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The Loner, the Lover, and the Trap Door of the Merchant’s House

This week and next, we present a series of longer pieces unraveling the histories of storied buildings.

The doorway of Seabury Tredwell's house as it appeared in the 1930s (New York Public Library)

The doorway of Seabury Tredwell’s house as it appeared in the 1930s (New York Public Library)

By the time she died in 1984, Helen Worden Erskine had racked up an eclectic but impressive set of interviews. The longtime New York World society writer spoke with Prince Charles of England and presidents Eisenhower and Truman, among other political and cultural luminaries. But she was perhaps most famous for her fascination with the opposite end of society: recluses.

In the late 1930s, Erskine wrote a series of sensationalistic articles about the Collyer brothers, two wealthy hoarders who had all of Harlem talking. Erskine and other reporters launched their careers writing about the sordid details of the brothers’ lives and death, including the nearly month-long search for one of their bodies in 1947, which was eventually discovered in their home beneath piles of junk.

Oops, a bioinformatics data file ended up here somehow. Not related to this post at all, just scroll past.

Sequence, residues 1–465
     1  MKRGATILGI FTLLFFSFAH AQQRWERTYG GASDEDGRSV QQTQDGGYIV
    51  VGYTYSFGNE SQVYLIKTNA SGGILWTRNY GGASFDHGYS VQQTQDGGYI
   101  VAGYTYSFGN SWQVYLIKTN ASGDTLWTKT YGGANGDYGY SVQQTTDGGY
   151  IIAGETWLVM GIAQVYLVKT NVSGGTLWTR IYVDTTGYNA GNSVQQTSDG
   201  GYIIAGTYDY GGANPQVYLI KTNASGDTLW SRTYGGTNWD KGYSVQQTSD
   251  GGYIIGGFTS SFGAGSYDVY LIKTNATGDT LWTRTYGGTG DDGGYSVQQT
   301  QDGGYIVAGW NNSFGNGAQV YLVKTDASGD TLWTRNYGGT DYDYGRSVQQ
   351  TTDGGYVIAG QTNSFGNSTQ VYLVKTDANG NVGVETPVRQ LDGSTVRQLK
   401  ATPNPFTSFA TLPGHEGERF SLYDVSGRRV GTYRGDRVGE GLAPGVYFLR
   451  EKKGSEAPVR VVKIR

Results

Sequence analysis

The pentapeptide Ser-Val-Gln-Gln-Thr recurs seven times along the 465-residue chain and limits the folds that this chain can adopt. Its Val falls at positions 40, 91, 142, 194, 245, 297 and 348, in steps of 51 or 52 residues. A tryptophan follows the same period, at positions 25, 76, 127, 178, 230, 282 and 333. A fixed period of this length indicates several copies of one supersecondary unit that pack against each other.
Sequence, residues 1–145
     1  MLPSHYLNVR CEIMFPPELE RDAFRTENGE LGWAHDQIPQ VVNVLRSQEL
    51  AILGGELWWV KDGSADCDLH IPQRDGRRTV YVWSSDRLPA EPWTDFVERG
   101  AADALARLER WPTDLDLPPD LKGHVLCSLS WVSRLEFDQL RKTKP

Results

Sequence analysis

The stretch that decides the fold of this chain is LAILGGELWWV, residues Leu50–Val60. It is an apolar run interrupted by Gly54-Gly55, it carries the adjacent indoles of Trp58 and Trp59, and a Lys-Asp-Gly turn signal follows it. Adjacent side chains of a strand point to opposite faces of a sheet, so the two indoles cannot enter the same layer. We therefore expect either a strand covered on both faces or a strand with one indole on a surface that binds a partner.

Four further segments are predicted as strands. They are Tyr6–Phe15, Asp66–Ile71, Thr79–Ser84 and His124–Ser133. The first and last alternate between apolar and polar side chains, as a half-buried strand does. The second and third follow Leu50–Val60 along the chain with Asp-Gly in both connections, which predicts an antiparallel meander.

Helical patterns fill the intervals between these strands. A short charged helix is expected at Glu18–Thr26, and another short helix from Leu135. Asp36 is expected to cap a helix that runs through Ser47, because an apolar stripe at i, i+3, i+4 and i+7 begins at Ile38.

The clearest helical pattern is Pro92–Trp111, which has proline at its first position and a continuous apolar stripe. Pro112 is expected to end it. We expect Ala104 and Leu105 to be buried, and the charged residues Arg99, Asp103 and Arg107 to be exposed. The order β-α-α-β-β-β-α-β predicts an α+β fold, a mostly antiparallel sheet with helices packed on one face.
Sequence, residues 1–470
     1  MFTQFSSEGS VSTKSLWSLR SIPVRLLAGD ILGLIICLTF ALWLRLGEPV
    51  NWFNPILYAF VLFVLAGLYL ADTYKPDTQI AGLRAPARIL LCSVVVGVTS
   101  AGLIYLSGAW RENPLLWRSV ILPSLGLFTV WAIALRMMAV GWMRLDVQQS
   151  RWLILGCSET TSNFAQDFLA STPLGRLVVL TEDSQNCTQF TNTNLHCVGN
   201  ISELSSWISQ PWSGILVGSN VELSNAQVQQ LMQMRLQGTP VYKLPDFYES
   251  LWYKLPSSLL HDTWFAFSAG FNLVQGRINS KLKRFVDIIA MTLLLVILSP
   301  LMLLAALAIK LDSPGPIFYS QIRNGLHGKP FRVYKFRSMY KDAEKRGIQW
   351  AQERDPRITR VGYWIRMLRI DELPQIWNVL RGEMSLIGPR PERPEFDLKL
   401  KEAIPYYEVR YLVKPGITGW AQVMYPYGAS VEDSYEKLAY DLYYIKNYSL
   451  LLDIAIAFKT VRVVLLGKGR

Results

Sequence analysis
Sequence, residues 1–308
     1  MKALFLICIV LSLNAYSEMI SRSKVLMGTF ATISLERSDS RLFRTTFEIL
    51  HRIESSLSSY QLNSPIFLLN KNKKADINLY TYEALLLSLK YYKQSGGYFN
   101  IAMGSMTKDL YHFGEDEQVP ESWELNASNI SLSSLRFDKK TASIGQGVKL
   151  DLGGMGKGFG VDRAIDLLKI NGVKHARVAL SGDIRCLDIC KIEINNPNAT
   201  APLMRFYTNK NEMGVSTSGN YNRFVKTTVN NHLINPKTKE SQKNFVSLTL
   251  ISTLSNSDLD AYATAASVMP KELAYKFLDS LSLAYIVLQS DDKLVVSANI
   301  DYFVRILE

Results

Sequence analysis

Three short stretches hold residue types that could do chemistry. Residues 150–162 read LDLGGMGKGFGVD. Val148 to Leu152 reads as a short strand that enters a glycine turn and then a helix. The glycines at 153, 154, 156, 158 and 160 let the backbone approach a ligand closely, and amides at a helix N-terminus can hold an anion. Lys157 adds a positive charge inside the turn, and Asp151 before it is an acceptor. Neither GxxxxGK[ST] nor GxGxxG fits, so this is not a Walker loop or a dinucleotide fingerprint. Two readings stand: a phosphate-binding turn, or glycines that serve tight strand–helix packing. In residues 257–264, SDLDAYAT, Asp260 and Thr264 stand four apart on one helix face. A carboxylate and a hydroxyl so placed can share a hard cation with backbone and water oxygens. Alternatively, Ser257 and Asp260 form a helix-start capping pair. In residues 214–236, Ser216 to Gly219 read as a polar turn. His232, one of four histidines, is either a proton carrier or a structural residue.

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Is There Really a Janice Gunter, Ghost Hunter?


(photo: Daniel Maurer)

Who is Janice Gunter? With handmade postings anywhere from Williamsburg to NYU advertising her strange services and conveniently-rhyming name, it would appear that this bespectacled woman is the latest to join the ranks of NYC’s colorful flyer characters. Visit Janice’s Facebook page and you’ll find nearly six month’s worth of ghost-related status updates, bad jokes, and musings about her Ma’s tendency to videotape everything they do.

Janice also has an Instagram and even a LinkedIn profile, where she explains “[g]host hunting is officially classified as a pseudoscience, but my customer service and attention to detail are more like an art form.”  She also worked as a cashier at CVS for an impressive eight years before deciding to follow this ghostly path.
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